Metolius Supercam

Dave Alie reviews the Metolius Supercam, Blister Gear Review
Metolius Supercam

Metolius Supercam

Size Tested: Small


  • Kevlar trigger material
  • Machined cam stops
  • ¾” (19 mm) tubular nylon webbing
  • Color-coded sewn slings and tubing
  • CNC machined
  • 6061-T6 aluminum
  • CE/UIAA certified

MSRP: $70-$90

Days Tested: 20

Locations Tested: Indian Creek, Rocky Mountain National Park, South Platte Colorado; Vedauwoo, Wyoming.

The Metolius Supercam isn’t new to the market, but its asymmetrical lobe design makes it one of the more unusual cams sold today. I’ve always wondered how the Supercam, as a kind of oddity, has persisted in isolation. If the cam’s asymmetrical design is any good, one would imagine that it would be eventually be adopted by other manufacturers, much in the way that DMM co-opted Black Diamond’s double axel Camalot design for their Dragons.

But if the design was only notable as a novelty, in a “gee-whiz that looks cool” sort of way, but suffered from practical drawbacks in the real world, then it seems Metolius would have abandoned the design.

Neither of these things, however, has happened. The Metolius Supercam has largely gone unnoticed except for a small cadre of climbers for whom it is a wonder; “one of the best kept secrets in traditional rock climbing.” So what’s going on here? Should more people be using the Supercam? Or is it really only suited for a specific group of climbers? And if the latter is the case, why?

I finally got a chance to haul a Supercam around for a full rock season, hoping to clear some of this up for myself.


For those unfamiliar with the Supercam, its design is strikingly unconventional, in a sense adapting the familiar four-lobe design, but using two sets different sized lobes. Off-set cams also employ this tactic (using two different lobe sizes on a single cam) in order to accommodate flaring cracks; the two smaller lobes sit opposed at one end of the axle, while the larger set of lobes oppose each other at the other end. The Supercam uses different sized lobes too, but puts the two smaller lobes next to one another with the larger ones bracketing them at either end of the axle.

But doesn’t rearranging the lobes in this manner negate all the benefit that off-set cams provide in flaring cracks? Yes, absolutely. But the design of the Supercam isn’t meant to better tackle flared cracks. The point of this configuration, instead, is to provide the device with greater range.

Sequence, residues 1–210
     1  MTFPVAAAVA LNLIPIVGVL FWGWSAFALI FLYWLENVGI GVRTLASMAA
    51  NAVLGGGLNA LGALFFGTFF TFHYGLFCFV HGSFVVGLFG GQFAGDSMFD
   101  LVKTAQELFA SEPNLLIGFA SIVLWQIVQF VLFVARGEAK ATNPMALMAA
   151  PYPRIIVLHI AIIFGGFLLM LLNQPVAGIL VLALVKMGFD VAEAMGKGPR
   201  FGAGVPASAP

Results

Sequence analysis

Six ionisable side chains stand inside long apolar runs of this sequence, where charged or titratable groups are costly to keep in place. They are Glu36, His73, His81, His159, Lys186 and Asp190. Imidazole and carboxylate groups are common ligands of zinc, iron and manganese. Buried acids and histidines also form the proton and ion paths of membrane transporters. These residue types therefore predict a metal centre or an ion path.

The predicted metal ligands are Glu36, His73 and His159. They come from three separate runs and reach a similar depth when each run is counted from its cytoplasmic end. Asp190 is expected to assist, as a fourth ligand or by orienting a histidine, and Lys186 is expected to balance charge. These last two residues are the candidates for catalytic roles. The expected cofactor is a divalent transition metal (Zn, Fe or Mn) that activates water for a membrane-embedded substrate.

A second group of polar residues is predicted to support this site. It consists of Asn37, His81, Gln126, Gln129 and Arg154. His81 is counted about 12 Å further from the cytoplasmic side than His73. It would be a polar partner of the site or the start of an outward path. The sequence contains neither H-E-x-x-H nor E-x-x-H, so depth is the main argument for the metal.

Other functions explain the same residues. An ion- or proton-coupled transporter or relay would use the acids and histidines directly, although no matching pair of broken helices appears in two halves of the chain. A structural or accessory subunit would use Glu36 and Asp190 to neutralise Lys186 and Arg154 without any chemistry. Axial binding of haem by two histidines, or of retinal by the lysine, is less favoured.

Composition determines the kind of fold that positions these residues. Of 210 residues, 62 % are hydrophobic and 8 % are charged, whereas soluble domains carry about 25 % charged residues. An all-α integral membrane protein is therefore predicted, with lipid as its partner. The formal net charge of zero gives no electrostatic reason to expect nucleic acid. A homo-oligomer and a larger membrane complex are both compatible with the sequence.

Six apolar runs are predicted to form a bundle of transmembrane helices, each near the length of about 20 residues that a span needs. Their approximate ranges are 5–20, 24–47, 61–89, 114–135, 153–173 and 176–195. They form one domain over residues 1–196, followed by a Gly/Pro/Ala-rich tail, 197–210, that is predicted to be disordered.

Because manufacturers are limited to a relatively narrow range of cam angles (the values which define the curvature of the logarithmic-spiral-shape of the lobes), they’ve been forced to resort to varied and clever ways of maximizing the range that a cam safely covers. Black Diamond pioneered the double axel, made famous on the Camalot. Omega-Pacific put forward the compound lobes on the Link cam. Metolius, whose cam angle was the smallest on the market made them particularly in need of improved range, submitted the Supercam.

(If your cam anatomy and engineering basics are a little rusty, check out the footnote embedded in my Wild Country Helium Friends review, for info on cam range, and give Cams 101: Glossary a read.)

Dave Alie reviews the Metolius Supercam, Blister Gear Review
Kevlar string trigger material on the Metolius Supercam.

Metolius seeks to maximize the range of the Supercam with the design of its trigger wires. Rather than using cables, Metolius uses Kevlar “string” which wraps around the cam’s axle between its smaller lobes and attaches to the larger ones. The lobes rotate around the axle together because the the Kevlar triggers yield two different diameter curves around it. This allows the two sets of lobes to rotate in concert, despite the fact that they are different sizes.

The concept here is similar to the gears on a bike. In order to overcome the need for the smaller lobes to rotate more than the larger ones, the flexible trigger wires rotate the different sized lobes on different size “gears” (figuratively speaking, the different radii around which the wires are pulled, not actual gears like those on a bike). These flexible wires are plenty robust, and have since been co-opted for use in Mastercams, etc.

Usable Range

This asymmetry is a clever solution, and it does indeed provide added range. For instance, compare the small (grey) Supercam to the comparably-sized light blue Metolius Powercam: both cams have the same cam angle and the Supercam covers 21.6mm while the Powercam covers 17.1mm. In the case of the Supercam, those 21.6mm span from 41.9-63.5mm, coverage from tight hands to perfect hands.

Dave Alie reviews the Metolius Supercam, Blister Gear Review
Trigger/rotation sequence on the Metolius Supercam.

This is definitely an improvement, and it helps Metolius bridge the gap between themselves and their competition, despite their use of a single-axle design with relatively small cam angles to boot.  But the coverage from the same small Supercam is still less than the 27.7mm covered by a gold #2 C4 (which has a stated range of 37.2-64.9mm). This still is a significant disparity, but the real world difference in range felt less dramatic. The shape of the Supercam proved more influential in how it can be used.

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